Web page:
I hope to grasp a better understanding of electromagnetic radiation. The torus is our magnetic field. With electromagnetic radiation, the electric field is perpendicular (at a right angle) to the magnetic field. The longitudinal axis on our torus is our electric field. This would explain many things about the relationship between the electric and magnetic fields. Of interest, another place where we have found the electric field perpendicular to the magnetic field is on Foucalt's disc, where the eddy-currents are perpendicular to the applied magnetic lines of force.
Foucalt's disc uses a DC supply from a battery to power an electromagnet. It is thought that the electric current flowing through the wire produces a magnetic field. It is perhaps, more the other way round. The magnetic field is always there, because the aether is always here. An electric current is the product of where we have managed to induce the aether. This induction of the aether also produces what we percieve as a magnetic field. The longitudinal axis on the outside rim of the torus, moves into the core of the torus. As the longitudinal axis is condensed, the electric field is formed, and we are able to 'see' it attached to the magnetic field to form electromagnetic radiation.
A coil of wire wrapped around a bar magnet is mimicking the longitudinal axis of our torus. The longitudinal axis being the electric field. The coil of wire elongates the electric field. Rather than simply passing straight through the core of the torus, the electric field's journey is being stretched out. The core of the conductive wire is acting as the elongated core of the torus. The core of the torus becomes a vortex. We are now falling down the rabbit hole. The torus, with its inner core stretched, is no longer a humble donut-shape, but something more like a rifle-barrel. If you look down into the core of the torus you may well see sinusoidal waves taking shape...
I thought this next animation sums up where we are right now. You can see the core of the torus being stretched inside the coil. The rings illustrate the longitudinal axis passing through the core of the torus. The rings are perpendicular to the magnetic field, and they represent the electric field..... http://www.youtube.com/watch?v=4Ez42Xk261o&feature=related
An electromagnet with a moving core, or plunger, is called a solenoid. When electricity is applied the plunger can either be pulled into the coil, or it can be set-up to push the plunger out, depending on the direction of the current. The direction of the current will dictate whether the solenoid is a push or a pull - it cannot be both. Convention states that the direction of current depends on polarity. Unfortunately, I cannot simply say that the direction depends on polarity, because in my Universe, electricity flows in both directions and forms a double helix. It flows from a higher potential to the lower, and vice versa.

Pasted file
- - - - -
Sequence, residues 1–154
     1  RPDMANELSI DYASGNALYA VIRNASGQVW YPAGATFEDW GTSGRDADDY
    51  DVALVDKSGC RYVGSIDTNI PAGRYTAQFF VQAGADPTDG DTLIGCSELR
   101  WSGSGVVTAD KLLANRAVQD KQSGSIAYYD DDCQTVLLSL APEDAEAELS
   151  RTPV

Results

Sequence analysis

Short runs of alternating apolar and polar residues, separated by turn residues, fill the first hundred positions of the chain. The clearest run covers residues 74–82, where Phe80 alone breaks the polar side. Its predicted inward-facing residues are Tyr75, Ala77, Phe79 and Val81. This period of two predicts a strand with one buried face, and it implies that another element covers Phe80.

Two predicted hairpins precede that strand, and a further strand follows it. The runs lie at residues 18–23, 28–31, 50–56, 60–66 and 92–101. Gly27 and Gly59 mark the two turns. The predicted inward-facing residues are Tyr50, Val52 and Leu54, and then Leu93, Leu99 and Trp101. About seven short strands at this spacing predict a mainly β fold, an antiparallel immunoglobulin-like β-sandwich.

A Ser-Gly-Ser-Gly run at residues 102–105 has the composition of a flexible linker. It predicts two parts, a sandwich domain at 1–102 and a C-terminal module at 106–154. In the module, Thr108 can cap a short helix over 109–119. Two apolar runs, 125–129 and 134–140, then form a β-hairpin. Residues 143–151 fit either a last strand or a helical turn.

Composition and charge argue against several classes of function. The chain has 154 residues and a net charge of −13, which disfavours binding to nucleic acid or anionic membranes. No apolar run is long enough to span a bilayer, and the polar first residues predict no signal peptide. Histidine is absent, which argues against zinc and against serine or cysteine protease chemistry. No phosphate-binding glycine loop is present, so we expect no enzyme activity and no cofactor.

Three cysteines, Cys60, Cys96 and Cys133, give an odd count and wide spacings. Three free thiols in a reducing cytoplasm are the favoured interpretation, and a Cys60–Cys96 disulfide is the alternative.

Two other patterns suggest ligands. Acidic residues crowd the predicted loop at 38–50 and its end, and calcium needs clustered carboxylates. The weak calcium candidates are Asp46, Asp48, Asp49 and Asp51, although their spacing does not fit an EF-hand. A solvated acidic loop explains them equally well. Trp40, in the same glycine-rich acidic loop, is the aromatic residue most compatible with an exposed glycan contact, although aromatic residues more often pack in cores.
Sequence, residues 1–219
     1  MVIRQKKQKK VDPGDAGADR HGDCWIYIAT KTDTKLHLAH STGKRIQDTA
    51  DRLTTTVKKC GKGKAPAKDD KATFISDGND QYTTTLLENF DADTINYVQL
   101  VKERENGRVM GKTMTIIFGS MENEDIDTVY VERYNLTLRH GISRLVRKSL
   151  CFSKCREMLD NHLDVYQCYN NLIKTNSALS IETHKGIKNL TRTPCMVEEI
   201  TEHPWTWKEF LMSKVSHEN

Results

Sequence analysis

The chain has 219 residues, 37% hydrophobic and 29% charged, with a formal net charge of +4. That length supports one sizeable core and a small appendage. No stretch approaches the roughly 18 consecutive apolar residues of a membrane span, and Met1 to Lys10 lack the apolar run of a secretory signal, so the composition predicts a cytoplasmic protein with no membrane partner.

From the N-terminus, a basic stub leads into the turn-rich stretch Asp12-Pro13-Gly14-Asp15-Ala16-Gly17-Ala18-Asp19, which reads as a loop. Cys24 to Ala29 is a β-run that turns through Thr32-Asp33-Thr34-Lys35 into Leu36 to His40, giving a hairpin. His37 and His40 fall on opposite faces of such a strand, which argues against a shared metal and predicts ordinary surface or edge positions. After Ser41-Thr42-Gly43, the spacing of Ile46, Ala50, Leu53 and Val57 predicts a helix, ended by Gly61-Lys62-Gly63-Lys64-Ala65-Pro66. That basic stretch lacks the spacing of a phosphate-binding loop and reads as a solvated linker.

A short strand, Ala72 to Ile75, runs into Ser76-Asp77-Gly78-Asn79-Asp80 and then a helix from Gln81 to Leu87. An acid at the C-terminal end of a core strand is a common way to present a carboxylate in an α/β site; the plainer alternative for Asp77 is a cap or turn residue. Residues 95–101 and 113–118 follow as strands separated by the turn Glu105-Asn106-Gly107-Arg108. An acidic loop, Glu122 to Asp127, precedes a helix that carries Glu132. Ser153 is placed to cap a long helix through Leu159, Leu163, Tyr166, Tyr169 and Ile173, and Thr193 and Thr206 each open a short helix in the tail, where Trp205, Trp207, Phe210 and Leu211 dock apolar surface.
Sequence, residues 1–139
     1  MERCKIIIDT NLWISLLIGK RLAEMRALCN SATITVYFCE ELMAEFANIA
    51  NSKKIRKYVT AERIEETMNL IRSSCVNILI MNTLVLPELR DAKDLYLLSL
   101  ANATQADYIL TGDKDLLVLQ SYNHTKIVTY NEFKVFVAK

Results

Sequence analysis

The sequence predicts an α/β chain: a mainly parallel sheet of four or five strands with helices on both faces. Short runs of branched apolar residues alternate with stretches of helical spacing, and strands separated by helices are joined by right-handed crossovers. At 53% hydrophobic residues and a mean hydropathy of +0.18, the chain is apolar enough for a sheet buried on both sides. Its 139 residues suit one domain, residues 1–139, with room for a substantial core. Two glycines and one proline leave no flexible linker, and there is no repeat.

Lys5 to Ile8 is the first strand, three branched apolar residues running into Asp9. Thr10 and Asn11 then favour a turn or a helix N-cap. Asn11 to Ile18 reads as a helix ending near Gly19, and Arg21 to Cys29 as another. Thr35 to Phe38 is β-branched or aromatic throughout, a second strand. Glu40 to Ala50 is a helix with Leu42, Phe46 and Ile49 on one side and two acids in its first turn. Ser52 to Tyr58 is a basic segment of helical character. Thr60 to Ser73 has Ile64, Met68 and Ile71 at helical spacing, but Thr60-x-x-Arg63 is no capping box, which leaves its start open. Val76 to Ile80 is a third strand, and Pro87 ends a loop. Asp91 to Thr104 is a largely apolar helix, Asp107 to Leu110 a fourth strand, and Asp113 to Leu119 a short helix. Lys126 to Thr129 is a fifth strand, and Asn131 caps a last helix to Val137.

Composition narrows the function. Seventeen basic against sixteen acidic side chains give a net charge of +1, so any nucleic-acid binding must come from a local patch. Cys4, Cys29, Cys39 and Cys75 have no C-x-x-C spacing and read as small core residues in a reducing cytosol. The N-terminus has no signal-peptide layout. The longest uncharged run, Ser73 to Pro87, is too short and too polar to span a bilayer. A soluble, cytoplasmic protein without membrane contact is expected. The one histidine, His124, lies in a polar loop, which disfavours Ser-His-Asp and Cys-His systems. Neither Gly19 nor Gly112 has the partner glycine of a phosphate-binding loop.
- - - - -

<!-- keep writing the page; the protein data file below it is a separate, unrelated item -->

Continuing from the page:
The aether moves inside the torus, but perhaps it is better to write that the torus moves inside the aether. An electric field is the core of our torus. The core of the torus is twisted into a double helix. While the aether flows into the core - something flows out - and while the aether flows out of the core - something flows in. This partner is of course the fluid of the aether working in opposition to itself. A vortex is the only way in which a fluid may move through itself. At the openings of the torus, top and bottom so to speak, the fluid flows in both directions. If you map this out - a double helix with an even number of turns and then draw a loop at either end - you find that one loop flows in a clockwise direction, while the other loop flows in a counter-clockwise direction. I think this offers us a tantalising clues as to why we have polarity, and how magnetism works.
I'm holding in my hands a skipping rope. I double it over, and give it a few twists to create a double helix. Pulling at opposite ends of the helix, I can see the rope slide elegantly over itself in both directions. It gives the effect of a smooth laminar flow. If this movement is taking place at the speed of light, should we then perhaps expect to find friction? In a vortex, the speed and rate of rotation of fluid are greatest at the centre, and decrease progressively with distance from the centre. This centre acts as the cylinder which the helix coils around. Something's happening in this centre - but what?